By Erica Paige Schumacher
Before a bridge can be built from the past to the future, something must ignite in the memory, emotional landscape or imagination. For Eric Silver, a Gen Xer who grew up in Woodstock helping to build the famous playground Wonderworks — and spending his hours listening to Neil Young and other artistic heavyweights that influenced his world view — he ponders the kinds of processes that move community beyond the modern promise of instant gratification. “I grew up in an era of mixtapes and records…I had to find the music myself, and I couldn’t go on Napster to find it in three seconds,” Silver said.
Perhaps it is this quality of ‘building’ and ‘unearthing’ that led Egg’s Nest owners and Gen Xers, Cristina and Eric Silver, to embark on the journey to carry on a locally adored institution and invest in the restaurant’s future.
Cristina and Eric met in New York City, and moved out to California where they lived for nearly a decade before making many trips back East and finally deciding to move to Ulster County. While Eric grew up in Woodstock, Cristina was originally from New Jersey. “We wanted to move back to start a family, return to our roots, and live in a place that had a greater sense of community.”
Eric took a job in the city, and Cristina started scouting businesses in the area when they came upon the opportunity to purchase the well known and frequently visited community eatery from artist Richard Murphy, who ran the restaurant for forty-three years. He retired and closed the business in 2016, and the couple decided to write him a letter about what the venue meant to them. “We wanted him to know why we wanted this place.” In January 2017, they packed their bags and moved back to the area together to start a family and run the restaurant. “It just kind of happened naturally,” Cristina said. Eric remembers eating at the restaurant with his family, where his parents came to have lunch after walking their beloved dogs.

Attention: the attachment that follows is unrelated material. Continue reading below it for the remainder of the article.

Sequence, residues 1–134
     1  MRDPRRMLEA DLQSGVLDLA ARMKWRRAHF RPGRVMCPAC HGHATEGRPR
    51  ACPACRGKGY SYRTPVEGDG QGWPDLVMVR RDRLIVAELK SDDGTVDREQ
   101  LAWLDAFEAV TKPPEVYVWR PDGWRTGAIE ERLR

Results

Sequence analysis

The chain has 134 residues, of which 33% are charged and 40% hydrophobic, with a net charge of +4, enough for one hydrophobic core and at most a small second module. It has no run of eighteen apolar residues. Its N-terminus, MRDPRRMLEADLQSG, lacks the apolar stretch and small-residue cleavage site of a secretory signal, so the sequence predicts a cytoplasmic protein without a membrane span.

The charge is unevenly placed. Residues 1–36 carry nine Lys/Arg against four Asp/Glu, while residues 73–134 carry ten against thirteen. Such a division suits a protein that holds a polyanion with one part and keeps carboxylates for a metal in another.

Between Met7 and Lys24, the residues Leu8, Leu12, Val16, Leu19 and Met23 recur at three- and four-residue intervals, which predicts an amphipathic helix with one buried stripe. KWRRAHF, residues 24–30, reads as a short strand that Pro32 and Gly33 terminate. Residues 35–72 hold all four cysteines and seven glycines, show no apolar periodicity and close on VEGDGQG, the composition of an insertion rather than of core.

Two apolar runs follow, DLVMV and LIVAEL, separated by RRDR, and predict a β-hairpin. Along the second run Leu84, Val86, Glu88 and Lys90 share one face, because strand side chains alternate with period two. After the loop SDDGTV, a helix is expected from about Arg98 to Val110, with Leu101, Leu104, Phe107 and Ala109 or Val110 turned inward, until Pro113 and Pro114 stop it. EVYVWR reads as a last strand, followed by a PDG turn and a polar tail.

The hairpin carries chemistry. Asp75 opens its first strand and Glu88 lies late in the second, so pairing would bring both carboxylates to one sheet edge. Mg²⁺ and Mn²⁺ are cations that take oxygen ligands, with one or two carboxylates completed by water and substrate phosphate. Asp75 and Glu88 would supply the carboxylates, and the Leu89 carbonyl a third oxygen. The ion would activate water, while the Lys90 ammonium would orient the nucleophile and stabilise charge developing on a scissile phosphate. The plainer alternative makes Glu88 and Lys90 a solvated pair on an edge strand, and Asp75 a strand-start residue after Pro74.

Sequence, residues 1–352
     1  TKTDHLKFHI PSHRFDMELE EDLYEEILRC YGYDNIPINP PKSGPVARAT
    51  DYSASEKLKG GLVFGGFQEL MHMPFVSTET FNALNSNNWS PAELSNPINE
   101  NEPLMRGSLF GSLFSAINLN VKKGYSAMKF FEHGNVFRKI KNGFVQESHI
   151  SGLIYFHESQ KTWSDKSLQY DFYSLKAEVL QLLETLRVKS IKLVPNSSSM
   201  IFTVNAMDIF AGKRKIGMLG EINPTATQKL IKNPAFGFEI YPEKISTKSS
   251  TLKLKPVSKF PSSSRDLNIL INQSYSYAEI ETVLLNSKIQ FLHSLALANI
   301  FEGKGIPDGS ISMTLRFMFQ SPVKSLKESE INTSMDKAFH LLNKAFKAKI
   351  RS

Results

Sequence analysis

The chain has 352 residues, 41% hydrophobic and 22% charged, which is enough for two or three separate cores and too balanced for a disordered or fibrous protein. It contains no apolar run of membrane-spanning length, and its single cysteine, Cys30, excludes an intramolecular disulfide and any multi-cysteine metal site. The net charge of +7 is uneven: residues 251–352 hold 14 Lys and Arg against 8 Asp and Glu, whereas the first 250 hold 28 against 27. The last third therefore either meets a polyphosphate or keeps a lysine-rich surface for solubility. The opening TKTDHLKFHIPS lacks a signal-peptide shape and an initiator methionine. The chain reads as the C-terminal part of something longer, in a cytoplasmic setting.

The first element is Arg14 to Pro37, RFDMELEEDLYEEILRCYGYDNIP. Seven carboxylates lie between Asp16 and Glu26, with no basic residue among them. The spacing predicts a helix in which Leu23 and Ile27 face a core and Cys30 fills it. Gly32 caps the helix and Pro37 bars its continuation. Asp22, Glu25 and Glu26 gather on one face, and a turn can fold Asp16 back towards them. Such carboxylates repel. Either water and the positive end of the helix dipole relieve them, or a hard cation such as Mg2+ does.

The Egg’s Nest restaurant has an eclectic and deeply welcoming vibe and provides an imaginative visual feast for the eyes before the customer even has a chance to order one of its many popular and unique locally-sourced dishes. Eric’s father who worked for CBS records, contributed his Saturday Evening Post magazine collection to adorn the walls, which is integrated well with the colorful artwork of parrots, images of David Bowie, distinguished dogs, Napoleon, Swans, Art Nouveau ladies, Buddhist statues, and ambient incandescent lighting that graces the beautifully renovated bar. There are nooks and crannies to sit in with intimate friends and beautiful objects and art to look at throughout the restaurant, vintage plates and cups to drink from, and locally-sourced vegetables and meats to sample throughout their formidable and ambitious menu. Famously delicious Monkey Joe coffee (of Kingston) is served as well as bread from Bread Alone; Tree Juice Maple Syrup is offered on buttermilk pancakes as well as produce from many New York state and local farms and dairies curated from throughout the Hudson Valley.